Home > Sample chapters

The Microsoft Manual of Style: The User Interface

User interface elements

User interface elements enable users to interact with programs, applications, and with pages and services on websites. These elements, which include controls and commands, can be presented to the user in various graphical forms, such as in ribbons, menus, toolbars, dialog boxes, property sheets, or web forms. Or they can be individual elements such as hyperlinks or download buttons on webpages.

User interface terminology

In content for software developers, buttons and other dialog box elements are called controls, especially in discussions about creating them. Do not use control in content for a general audience.

User interface syntax

The following terms are most commonly used to describe how users interact with controls and commands:

  • Click: Use for commands, command buttons, option buttons, and options in a list, gallery, or palette.

  • Select and clear: Use for check boxes.

  • Remove the check mark: Use for checked and unchecked commands.

  • Type or select: Use to refer to an item (as in a combo box) that the user can either type or select in the accompanying text box. You can use enter instead if there is no possibility of confusion.

Except for the identifiers box, list, check box, and tab, the generic name of a control (button, option, and so on) should not follow the label of a control, especially within procedures.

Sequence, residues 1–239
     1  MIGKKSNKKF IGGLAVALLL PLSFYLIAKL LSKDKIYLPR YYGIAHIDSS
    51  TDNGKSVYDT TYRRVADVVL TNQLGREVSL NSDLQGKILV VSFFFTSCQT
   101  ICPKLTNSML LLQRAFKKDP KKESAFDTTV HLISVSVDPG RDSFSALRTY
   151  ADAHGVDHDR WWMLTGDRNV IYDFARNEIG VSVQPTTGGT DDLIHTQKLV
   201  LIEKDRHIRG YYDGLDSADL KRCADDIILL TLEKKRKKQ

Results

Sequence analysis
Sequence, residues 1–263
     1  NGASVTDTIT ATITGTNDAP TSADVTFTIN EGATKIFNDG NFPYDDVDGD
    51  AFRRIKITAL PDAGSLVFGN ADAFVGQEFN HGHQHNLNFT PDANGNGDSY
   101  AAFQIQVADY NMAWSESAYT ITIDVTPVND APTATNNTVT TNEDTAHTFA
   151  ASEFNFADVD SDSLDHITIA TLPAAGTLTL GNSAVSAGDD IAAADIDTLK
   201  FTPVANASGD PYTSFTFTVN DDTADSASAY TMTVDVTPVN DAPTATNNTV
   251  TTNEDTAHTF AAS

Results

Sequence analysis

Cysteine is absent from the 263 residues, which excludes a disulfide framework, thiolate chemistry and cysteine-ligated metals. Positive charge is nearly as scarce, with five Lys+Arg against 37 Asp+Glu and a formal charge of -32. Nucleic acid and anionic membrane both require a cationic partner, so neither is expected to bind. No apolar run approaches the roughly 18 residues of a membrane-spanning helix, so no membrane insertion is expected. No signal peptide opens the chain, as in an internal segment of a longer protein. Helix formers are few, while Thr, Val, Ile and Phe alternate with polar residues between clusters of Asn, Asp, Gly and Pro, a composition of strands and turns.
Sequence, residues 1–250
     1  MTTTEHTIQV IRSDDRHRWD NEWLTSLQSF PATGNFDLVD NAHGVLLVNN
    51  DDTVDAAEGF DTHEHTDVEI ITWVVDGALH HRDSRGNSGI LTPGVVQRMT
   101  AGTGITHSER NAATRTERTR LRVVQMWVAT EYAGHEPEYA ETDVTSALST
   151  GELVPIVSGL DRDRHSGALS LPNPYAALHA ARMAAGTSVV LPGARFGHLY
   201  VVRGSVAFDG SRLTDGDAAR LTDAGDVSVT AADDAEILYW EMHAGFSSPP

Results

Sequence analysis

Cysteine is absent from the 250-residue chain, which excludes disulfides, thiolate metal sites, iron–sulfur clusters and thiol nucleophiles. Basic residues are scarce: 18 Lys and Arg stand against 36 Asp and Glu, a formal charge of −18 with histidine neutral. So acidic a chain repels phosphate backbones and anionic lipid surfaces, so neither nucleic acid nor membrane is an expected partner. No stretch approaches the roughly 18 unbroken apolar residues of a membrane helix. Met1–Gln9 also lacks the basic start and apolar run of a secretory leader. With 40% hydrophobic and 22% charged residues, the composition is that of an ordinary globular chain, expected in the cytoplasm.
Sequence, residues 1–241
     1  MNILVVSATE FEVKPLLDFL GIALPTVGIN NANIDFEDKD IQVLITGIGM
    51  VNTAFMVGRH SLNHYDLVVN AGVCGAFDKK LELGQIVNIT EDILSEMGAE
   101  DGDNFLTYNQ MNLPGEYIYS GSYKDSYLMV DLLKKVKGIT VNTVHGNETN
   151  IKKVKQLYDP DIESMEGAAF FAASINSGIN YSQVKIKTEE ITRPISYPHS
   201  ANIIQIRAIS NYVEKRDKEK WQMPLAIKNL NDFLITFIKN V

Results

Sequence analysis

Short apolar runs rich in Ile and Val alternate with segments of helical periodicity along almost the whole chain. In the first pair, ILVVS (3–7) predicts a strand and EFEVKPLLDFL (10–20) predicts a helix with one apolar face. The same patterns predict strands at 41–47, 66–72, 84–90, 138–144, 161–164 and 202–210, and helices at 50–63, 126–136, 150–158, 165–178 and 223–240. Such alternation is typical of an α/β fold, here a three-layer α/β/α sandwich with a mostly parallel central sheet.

Use bold formatting for dialog box titles, labels, and options. Do not use bold formatting for the title of a webpage. Instead, insert a hyperlink if appropriate or use regular type. For more information, see dialog boxes, Document conventions (Chapter 6), Procedures (Chapter 6), User interface formatting, Windows user interface.

The following example shows typical procedure wording for dialog box controls and webpage controls.

Microsoft style (for dialog boxes)

To view bookmarks

  1. On the Tools menu, click Options, and then click the View tab.

  2. Select the Bookmarks check box.

Microsoft style (for webpages)

To create a free website

  1. Go to http://officelive.com.

  2. On the Office Live Small Business sign-up page, click Create a free website. A sign-up page appears.